From Elite Wiki

Lenslok was a copy prevention mechanism found in some computer games and other software on the Commodore 64, Sinclair ZX Spectrum and Amstrad CPC. The most famous game to use it was Elite for the ZX Spectrum.

The Lenslok device was essentially a row of prisms arranged vertically in a plastic holder. Before the game started, a two-letter code was displayed on the screen, but it was corrupted by being split into vertical bands which were then rearranged on screen. By viewing these bands through the Lenslok they were restored to their correct order and the code could be read allowing access to the game. The device was small enough when folded flat to fit in a standard audio cassette case.

In order for the Lenslok to work correctly the displayed image has to be the correct size. This meant that before each use the software needed to be calibrated to take account of the size of the display. Users found this setup particularly annoying, at least in part due to the poor instructions that were initially shipped. Additionally, the device could not be calibrated at all for very large and very small televisions, and some games shipped with the mismatched Lensloks that prevented the code from being correctly descrambled. The Lenslok system was not used in later releases of Elite.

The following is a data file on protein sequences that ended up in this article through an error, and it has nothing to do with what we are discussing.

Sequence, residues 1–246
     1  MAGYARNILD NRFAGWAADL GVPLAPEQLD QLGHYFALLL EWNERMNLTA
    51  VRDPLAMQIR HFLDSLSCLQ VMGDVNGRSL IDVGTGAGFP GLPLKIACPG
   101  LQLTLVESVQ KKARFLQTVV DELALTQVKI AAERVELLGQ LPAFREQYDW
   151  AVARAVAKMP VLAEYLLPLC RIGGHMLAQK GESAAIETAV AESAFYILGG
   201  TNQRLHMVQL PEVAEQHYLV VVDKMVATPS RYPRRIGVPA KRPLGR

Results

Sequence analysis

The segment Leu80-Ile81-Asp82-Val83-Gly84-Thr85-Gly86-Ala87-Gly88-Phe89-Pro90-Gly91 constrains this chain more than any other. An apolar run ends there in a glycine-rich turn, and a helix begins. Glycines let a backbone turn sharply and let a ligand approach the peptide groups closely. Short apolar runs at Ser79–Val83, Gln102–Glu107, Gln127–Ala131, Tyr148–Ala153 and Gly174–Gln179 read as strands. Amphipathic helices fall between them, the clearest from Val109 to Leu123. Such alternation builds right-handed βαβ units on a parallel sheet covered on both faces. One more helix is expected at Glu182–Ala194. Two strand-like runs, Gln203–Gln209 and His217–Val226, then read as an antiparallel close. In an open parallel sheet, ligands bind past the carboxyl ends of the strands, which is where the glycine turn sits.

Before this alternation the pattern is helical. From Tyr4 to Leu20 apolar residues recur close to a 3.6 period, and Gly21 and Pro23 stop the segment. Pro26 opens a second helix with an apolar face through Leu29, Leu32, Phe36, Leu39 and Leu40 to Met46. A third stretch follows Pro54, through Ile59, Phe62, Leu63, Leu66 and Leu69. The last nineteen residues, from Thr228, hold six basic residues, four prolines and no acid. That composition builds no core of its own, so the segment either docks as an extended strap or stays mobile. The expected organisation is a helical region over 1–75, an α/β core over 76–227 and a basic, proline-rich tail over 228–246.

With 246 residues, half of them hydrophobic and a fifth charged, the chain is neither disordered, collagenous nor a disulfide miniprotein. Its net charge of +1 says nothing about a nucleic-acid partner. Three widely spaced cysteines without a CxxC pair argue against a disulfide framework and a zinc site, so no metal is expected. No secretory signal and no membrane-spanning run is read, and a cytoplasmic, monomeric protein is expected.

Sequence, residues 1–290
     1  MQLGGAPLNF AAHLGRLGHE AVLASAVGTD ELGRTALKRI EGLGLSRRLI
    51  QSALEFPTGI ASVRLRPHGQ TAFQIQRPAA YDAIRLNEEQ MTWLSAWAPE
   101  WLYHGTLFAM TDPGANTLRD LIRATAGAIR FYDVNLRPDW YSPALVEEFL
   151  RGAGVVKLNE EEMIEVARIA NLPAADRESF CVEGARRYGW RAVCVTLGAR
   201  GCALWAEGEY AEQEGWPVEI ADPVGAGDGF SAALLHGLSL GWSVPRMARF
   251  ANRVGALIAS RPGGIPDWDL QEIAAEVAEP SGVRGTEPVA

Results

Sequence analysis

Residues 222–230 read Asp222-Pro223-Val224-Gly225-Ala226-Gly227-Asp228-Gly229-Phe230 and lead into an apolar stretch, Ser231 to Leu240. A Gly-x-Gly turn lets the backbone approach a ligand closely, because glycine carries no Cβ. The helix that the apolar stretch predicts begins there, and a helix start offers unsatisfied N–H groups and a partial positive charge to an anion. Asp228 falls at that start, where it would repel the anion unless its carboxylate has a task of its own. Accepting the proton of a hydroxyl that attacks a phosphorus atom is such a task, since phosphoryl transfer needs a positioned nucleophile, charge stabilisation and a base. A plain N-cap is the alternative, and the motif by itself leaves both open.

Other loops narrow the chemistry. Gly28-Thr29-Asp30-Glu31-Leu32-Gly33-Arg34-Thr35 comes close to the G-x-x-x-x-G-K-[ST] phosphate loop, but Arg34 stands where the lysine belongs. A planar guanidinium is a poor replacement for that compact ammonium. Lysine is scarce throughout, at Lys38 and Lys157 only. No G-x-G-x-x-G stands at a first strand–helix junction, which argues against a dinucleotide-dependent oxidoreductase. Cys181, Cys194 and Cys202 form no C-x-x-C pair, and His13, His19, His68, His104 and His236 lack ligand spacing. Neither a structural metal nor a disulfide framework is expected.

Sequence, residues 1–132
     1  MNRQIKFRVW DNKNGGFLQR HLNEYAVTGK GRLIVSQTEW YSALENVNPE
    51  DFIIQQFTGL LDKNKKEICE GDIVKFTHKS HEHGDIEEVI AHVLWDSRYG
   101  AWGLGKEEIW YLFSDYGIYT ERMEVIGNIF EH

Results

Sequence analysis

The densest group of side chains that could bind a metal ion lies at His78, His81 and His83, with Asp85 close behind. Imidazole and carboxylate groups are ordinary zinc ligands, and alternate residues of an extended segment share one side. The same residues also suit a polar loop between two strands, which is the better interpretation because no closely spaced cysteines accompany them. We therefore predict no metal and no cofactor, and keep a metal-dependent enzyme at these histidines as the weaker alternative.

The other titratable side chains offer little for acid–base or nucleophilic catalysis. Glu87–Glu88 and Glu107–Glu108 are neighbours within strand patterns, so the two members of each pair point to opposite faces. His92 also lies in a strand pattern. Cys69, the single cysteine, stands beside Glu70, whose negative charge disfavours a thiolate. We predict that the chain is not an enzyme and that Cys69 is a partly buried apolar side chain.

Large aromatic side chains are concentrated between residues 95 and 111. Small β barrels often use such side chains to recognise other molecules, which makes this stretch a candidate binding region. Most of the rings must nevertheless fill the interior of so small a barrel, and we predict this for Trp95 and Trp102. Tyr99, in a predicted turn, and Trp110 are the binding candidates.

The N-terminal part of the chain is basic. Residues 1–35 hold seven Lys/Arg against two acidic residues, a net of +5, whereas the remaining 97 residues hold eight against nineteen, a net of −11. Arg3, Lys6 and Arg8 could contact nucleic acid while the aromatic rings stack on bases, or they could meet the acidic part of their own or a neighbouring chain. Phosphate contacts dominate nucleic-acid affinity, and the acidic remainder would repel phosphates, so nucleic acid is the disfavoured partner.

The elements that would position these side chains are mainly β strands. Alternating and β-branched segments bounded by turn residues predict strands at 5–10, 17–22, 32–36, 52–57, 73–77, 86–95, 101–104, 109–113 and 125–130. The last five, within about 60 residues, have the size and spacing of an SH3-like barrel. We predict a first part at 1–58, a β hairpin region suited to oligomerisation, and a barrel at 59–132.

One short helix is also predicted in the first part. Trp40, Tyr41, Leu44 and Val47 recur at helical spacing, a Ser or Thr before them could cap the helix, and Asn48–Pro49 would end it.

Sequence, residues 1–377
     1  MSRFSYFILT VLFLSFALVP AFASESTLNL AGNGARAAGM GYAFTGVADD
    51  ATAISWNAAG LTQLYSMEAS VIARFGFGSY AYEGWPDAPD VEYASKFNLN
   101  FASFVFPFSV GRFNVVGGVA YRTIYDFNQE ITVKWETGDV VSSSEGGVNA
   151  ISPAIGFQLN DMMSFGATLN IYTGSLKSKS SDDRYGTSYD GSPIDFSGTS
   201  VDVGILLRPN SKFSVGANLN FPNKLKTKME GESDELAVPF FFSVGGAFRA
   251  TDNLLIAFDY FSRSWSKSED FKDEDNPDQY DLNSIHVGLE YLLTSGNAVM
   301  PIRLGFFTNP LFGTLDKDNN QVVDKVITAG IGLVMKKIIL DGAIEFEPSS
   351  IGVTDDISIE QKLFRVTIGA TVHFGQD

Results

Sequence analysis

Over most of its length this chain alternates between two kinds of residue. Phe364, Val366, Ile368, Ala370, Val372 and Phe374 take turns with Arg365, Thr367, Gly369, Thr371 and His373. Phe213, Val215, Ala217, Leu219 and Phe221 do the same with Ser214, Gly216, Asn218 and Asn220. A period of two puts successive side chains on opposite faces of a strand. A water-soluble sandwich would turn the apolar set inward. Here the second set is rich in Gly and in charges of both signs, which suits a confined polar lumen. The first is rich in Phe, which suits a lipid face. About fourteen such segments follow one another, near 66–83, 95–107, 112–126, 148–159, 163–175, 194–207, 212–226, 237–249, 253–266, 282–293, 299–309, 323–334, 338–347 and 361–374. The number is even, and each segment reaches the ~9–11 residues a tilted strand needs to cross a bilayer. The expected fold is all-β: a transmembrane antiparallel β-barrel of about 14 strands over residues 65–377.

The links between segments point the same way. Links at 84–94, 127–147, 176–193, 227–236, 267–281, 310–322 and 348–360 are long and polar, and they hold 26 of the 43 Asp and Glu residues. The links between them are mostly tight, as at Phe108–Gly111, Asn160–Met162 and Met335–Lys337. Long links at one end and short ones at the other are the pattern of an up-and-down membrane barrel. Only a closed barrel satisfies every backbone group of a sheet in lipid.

(Credits: Above text is from Wikipedia)


Like all copy protection devices, the Lenslok was entirely ineffective against anyone with a modicum of skill in Z80 assembly language. Finding the Lenslok code was not hard; looking for the instructions the Lenslok code printed on the screen would narrow it down. Techniques to defeat the Lenslok code varied from using hardware devices like the Multiface to examine the memory location where the code you were supposed to type lay, to defeating it entirely by modifying the code in a number of ways, for example finding the address called on a successful Lenslok decode and changing the loader to call that address instead of the Lenslok code. The spread of pirated versions of Elite was relatively slow in the days of the ZX Spectrum compared to the spread of pirated modern games on the Internet, however usually within days of a game release, someone would have a tape of a hacked copy.

The overall assessment of the Lenslok was like every other DRM system that has come since: it caused undue annoyance to legitimate users whilst not actually preventing piracy.

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